For some of our road workers, just getting to where they need to be can be dangerous.
Take Paul West, who has worked in our toll plaza on the Tacoma Narrows Bridge for 11 years. West, like all of our toll collectors on the bridge, have to get to their assigned booths while dealing with vehicles moving on SR 16 at 60 mph or more.
|Toll worker Paul West signals to traffic to stop on the Tacoma Narrows Bridge as|
he heads to his toll booth.
West knows that the safety of him and his co-workers as well as everyone else on the road is dependent on drivers being focused and alert.
"I've seen rear end accidents from people being distracted by their phones or trying to get their money out to pay the toll," he said. "But in the last 11 years, there hasn't been a single injury to our toll collectors."
Toll collectors follow a procedure that to get to their toll booth. They wear a safety vest to cross the lanes, and have a fellow toll collector hold up a stop sign or their hands and use their voice to signal to drivers to stop.
"Toll collectors cannot cross the lane until drivers come to a complete stop," he said. "Sometimes we get complaints about our stopping procedure, but it's what we have to do to be safe out here."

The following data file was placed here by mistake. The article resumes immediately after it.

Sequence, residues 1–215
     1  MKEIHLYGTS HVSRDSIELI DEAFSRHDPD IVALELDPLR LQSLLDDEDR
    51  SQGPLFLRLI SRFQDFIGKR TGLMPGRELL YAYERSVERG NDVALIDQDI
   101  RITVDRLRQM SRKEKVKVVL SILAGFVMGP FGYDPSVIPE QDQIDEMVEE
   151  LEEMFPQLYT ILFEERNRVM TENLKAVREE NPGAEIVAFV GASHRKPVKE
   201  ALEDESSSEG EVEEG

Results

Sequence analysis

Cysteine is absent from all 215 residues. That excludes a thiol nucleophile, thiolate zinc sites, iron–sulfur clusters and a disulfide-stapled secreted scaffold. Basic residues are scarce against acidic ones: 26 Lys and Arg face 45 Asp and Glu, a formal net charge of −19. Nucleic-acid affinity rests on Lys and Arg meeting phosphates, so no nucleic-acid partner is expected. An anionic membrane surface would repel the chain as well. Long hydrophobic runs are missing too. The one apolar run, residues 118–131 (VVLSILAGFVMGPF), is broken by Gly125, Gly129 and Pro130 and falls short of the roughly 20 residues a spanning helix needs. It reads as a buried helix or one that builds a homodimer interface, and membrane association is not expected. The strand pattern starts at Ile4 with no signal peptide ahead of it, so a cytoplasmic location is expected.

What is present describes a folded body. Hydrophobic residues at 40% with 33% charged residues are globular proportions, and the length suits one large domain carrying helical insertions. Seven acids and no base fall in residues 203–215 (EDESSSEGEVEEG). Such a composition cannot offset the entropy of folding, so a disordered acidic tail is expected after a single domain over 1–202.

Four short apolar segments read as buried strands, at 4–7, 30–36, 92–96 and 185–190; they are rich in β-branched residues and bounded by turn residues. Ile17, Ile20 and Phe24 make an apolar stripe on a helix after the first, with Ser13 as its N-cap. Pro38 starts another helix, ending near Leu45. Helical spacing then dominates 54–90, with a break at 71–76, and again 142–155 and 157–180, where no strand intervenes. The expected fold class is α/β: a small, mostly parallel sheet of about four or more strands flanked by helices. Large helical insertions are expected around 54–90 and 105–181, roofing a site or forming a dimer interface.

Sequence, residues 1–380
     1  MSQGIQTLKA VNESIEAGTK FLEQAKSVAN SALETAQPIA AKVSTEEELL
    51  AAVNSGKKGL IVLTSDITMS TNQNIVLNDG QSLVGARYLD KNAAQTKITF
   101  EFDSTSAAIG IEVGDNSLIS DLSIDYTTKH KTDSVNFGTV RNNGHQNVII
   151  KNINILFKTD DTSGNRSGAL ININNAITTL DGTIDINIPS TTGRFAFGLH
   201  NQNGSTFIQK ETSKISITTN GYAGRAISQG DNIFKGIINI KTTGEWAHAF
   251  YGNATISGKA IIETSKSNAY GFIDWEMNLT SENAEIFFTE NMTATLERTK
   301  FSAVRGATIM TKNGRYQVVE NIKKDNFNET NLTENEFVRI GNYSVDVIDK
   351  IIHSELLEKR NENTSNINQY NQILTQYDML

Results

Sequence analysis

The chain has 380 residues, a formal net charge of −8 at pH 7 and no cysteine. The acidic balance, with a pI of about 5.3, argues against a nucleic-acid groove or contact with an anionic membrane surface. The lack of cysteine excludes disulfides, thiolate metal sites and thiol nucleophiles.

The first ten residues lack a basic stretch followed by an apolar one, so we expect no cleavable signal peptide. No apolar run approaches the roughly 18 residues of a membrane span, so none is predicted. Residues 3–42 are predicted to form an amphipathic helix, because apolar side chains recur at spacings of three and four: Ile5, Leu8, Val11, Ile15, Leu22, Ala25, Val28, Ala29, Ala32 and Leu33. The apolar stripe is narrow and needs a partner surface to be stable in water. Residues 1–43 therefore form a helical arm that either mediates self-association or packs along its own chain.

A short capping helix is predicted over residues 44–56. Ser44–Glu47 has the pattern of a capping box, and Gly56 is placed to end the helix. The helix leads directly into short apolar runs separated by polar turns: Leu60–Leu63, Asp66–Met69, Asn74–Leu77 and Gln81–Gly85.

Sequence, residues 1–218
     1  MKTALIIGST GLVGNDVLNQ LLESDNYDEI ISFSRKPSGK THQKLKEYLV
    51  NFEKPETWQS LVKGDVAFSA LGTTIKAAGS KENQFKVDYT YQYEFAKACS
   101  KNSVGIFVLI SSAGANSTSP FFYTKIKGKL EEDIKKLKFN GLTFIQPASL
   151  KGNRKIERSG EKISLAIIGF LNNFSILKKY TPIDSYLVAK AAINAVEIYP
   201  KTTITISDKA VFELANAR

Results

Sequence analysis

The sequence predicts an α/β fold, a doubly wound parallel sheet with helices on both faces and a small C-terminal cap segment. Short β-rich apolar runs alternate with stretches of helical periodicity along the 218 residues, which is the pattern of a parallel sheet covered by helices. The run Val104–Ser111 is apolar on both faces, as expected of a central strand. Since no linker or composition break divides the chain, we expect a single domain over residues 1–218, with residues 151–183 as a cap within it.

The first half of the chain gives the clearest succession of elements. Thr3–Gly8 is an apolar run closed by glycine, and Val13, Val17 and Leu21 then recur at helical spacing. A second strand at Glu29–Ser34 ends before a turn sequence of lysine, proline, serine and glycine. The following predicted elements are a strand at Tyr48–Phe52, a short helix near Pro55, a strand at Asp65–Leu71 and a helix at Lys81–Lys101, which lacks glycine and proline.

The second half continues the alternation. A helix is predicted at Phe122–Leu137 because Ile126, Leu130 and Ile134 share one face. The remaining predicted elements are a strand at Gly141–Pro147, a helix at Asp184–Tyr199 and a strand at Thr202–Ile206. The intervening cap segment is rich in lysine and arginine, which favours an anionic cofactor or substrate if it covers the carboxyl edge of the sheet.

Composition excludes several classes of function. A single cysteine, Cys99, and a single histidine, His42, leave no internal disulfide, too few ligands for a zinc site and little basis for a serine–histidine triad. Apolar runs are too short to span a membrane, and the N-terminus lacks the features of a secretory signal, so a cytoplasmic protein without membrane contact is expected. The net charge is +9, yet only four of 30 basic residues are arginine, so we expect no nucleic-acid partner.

Keeping toll collectors and other drivers safe comes down to drivers slowing down, being alert, ignoring distractions, and having toll payment within an easy reach.
|Vehicles on the Tacoma Narrows Bridge must be alert near the toll plaza to keep toll workers and other drivers safe.|
"Slow down immediately after you pull off of Highway 16," West said. "Be aware that you are pulling into a safety zone equivalent to that of a rest stop. Pay attention to what toll lanes are open or closed, and keep your eyes on the road."
When not manning his toll booth, West likes to stay busy with projects around his house and is an avid runner. He has two daughters, and his first grandchild is due in November. West can't wait for his days off to be spent babysitting his grandson come this fall. Please help him and all road workers get home safely to their families by always being alert, slowing down and giving them room to get their jobs done.